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# Input Needed: Direction of Angular Velocity and Angular Acceleration Vectors

## Question

Hi All,

I had a friend and colleague ask me today about why the angular velocity and angular acceleration vectors point in directions given by the right-hand-rule, as highlighted here... When I read my response, I realized that my answer wasn't much better than that given in the link... I thought about it some more and started thinking that it probably related to:

${\vec \tau _{net}} = \vec r \times \vec F = I\vec \alpha$

and since the cross product of r and F is perpendicular to both r and F, with the positive direction given by RHR, the angular acceleration (and similarly angular velocity) vector must be consistent.

Still not a very pleasing or clear explanation. So, why not turn to the experts? If someone were to ask you, how would you explain the direction of the angular velocity and angular acceleration vectors in a manner that was as clear and straightforward as possible?

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[ATTACH=CONFIG]69[/ATTACH]My colleague has offered to "kick up" the challenge a notch. Details below:

The prize: a \$20 Starbucks gift card.

The challenge: Provide the best step-by-step explanation (ala a geometric proof) using only concrete, physical descriptors; in other words, NO MATH equations, detailing why the angular velocity and angular acceleration vectors point along the axis of rotation.

Your audience: students currently taking a full year AP C mechanics course. Half of them are currently in Calc BC; the rest are in AB. Only 10 of the 30 students took AP B last year; the rest took Physics 1 or no physics before this current AP C course.

Winner will be determined by a class vote from our "audience."

Please post challenge responses below... enter as often as you like, but remember to keep your audience in mind as you write your explanations!

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Similar to what Mr. Fullerton proposed, Torque is the rotational equivalent of Force. It then follows that because acceleration (and therefore velocity) are dependent on and follow the direction of forces that angular acceleration (and velocity) must too follow angular force or torque.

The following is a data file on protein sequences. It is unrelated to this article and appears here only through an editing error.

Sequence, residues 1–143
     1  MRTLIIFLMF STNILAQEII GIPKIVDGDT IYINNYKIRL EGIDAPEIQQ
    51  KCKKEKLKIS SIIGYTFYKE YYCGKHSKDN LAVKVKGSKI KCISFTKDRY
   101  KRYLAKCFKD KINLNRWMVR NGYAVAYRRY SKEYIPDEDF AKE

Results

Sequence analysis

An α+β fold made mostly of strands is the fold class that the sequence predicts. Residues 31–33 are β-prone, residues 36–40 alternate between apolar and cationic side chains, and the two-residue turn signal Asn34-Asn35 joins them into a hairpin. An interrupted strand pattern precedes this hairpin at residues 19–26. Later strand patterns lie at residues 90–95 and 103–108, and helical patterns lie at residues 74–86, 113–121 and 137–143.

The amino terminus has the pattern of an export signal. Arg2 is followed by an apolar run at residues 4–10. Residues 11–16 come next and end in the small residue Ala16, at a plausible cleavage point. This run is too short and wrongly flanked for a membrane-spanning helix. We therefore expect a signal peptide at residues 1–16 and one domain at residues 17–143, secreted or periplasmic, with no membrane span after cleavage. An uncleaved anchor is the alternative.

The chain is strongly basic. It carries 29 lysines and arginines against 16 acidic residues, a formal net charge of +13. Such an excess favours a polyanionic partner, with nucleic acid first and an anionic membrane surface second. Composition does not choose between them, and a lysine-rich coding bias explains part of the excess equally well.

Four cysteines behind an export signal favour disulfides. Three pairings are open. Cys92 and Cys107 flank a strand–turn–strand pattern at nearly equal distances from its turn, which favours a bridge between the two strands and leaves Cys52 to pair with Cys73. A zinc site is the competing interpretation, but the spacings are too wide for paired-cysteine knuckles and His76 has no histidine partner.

Still all this depends on whether we trust the right hand rule to be true or on whether we trust the cross product to give us what we want. Why is it that the right hand rule works? I can only show that the magnitude half of the cross product holds true. The magnitude of a Torque depends on three things: Distance from the axis of rotation R, magnitude of the force being applied F, and the degree to which those two vectors are perpendicular given by an angle @. The more perpendicular they are, the greater the Torque and only the perpendicular component of the force creates a torque so the sine function is used. Put all together is the magnitude that takes into account R, F, and the degree of perpendicularity. The cross product provides this magnitude and also provides what I can give no explanation for, the direction being perpendicular to both R and F. If R and F are on the x,y Cartesian plane, the only way to be perpendicular to both is on the z axis in or out of the page.

My last thought is that to cause a rotation or torque, there needs to be a perpendicular force and the only way to perpendicular at any point on a rotating disk is choosing the axis of rotation, the z axis.

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